- Note that you will still have to be in an energy deficit to continue to lose weight. However, by this stage you may be looking to maintain your new healthy weight in a sociable and non-restrictive way which you can adhere to long term.
The idea that there is only one diet that will work for you or that the diet that initially worked for you is the one you have to stick to forever needs to die.
Is a low carb diet for you?
* Enjoy might be the wrong word here… What I really mean here is: is low carb dieting an easy way for you to create an energy deficit? It is unlikely anyone is going to ‘enjoy’ dieting, but do you find low carb dieting the lesser of the various evils? Does it fit into your life easily? Do you feel good? Can you see yourself sticking to it long term?
** The research suggests a small additional benefit in terms of weight loss and insulin sensitivity. However, these results may be short term (most studies are relatively short in duration and you tend to find that the longer the study, the less control the researchers have – so it is somewhat of a balance between a well-controlled study and the length of intervention). It is as yet unclear whether the additional benefits of low carb diets for those at high risk of cardiovascular disease, obesity and diabetes persist long term. It would seem plausible and likely that as weight loss occurs and improvements in glucose control are realised, the unique benefits may no longer be evident.
The 5 Biggest Mistakes People Make with Low-Carb Diets
1) Thinking calories don’t matter
First and foremost, you need to understand that low carbohydrate diets work the same as any other weight loss diet – by creating a calorie deficit. Lowering your carbohydrate intake doesn’t mean you can eat as much as you want as long as you avoid carbohydrates. You still need to be in an energy deficit to lose weight.
Many low carb advocates get a bad name because they fail to understand this concept and state that calories don’t matter as long as you keep carbohydrates and thus insulin – the body’s main storage hormone – low. I won’t go too much into this here as this could be a topic in itself. But briefly, many low carb advocates believe low carb diets work because they reduce levels of insulin. This is patently false, and James Krieger has written a fantastic series explaining exactly why.
2) Eating excessive amounts of fat
A.k.a. putting butter in your coffee, sucking on spoons of peanut butter or just outright becoming an avocado. This links into my first point- if you over-eat fat and are no longer in a calorie deficit, your low carbohydrate diet will not result in weight loss. I feel this deserves its own point as this is often where people go wrong.
3) Going to extremes
Over restricting carbohydrates to the extent that you are depriving your body of key nutrients by avoiding fruits and vegetables. Yes, fruit and veg contain carbs, but they also have vitamins, minerals and fibre in. They are also relatively tasty, and most are pretty low in calories making them a good choice in any weight loss diet.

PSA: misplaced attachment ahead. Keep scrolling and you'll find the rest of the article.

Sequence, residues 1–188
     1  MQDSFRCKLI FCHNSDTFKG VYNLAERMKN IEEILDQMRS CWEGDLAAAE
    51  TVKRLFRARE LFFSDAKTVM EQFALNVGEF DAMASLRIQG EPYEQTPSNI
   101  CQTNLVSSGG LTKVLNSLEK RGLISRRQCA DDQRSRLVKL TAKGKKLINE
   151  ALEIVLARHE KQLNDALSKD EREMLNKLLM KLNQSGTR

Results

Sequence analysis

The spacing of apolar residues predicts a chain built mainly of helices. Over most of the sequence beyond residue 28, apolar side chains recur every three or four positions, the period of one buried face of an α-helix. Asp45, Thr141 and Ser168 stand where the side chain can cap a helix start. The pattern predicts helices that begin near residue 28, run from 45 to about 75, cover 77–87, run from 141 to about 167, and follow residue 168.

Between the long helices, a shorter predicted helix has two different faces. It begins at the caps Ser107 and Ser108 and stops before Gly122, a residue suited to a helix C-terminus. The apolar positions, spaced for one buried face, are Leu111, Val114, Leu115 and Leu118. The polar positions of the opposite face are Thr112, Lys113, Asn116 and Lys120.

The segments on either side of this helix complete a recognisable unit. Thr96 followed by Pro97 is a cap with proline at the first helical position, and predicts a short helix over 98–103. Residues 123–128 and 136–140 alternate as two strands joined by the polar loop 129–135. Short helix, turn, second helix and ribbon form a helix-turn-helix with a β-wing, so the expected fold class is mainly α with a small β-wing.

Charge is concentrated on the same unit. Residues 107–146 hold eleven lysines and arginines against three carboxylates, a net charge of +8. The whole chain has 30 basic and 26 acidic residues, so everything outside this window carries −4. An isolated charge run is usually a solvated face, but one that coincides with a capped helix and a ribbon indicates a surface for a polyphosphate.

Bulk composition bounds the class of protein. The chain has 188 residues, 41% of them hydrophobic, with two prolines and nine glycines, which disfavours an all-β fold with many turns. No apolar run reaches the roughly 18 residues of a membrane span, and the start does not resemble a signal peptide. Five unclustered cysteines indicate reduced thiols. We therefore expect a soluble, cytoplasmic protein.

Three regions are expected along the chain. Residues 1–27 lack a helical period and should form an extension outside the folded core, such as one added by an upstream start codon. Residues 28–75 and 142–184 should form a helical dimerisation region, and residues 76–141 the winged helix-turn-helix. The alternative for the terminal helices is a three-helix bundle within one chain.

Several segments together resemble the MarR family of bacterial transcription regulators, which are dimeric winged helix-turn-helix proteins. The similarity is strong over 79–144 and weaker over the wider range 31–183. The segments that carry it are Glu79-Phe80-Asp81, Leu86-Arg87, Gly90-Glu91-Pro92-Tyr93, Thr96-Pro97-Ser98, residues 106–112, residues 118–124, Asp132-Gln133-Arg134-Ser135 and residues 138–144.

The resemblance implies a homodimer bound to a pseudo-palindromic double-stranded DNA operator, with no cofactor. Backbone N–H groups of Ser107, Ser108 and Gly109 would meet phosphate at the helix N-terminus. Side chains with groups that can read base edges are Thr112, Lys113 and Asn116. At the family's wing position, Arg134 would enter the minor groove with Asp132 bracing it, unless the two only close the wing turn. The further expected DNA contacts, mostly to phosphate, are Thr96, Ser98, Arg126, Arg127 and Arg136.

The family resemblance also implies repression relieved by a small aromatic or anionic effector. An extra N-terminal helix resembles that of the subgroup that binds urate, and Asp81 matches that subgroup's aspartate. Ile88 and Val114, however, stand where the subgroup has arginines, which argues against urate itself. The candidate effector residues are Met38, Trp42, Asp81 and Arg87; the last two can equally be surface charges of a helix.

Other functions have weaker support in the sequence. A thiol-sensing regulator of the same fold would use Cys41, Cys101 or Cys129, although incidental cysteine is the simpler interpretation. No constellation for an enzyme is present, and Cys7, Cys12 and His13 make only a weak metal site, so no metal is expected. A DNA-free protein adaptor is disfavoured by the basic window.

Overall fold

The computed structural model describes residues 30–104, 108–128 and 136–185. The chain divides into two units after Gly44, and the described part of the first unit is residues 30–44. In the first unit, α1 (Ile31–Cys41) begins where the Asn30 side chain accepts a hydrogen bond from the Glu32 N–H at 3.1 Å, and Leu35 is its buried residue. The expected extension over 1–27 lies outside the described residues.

I’ve also heard of people avoiding brushing their teeth for fear of putting them out of ketosis (a state in which there is not enough glucose to be used for energy).
Focus on creating an energy deficit rather than trying to micromanage your metabolism. The deficit will take care of that.
4) Trying to perform strenuous endurance exercise on a low carbohydrate intake
Any exercise that involves high intensity efforts over a relatively long duration will be negatively affected by low carbohydrate availability, due to the energy systems involved.
If you are exercising purely to aid weight loss and improve health then crack on. If you are performance-minded then you’re going to want to eat some carbs and give your muscles some glycogen!
5) The temptation to tell everyone you meet about how your diet is great and how they should try it too
Take Home Points
- It is unlikely we will ever find one diet that is ‘optimal’ for everyone.
- Dieting success is far more psychological than we give credit.
- Dieting success has been achieved with high and low carbohydrate diets and both have been used to reduce obesity related co morbidities such as cardiovascular disease and diabetes.
- To give low carb diets their full credit, they have been shown to induce greater weight loss and metabolic health compared to low fat diets in the short term but more research is needed to establish whether these benefits persist long term. It also remains unclear whether the benefits are worth it. At the moment, the evidence is not compelling enough to encourage the use of low carb diets over other potentially more enjoyable and sustainable ways to lose weight.At the end of the day, the biggest predictor of weight loss success is the ability to stick to your diet and as such this should factor heavily when choosing a diet.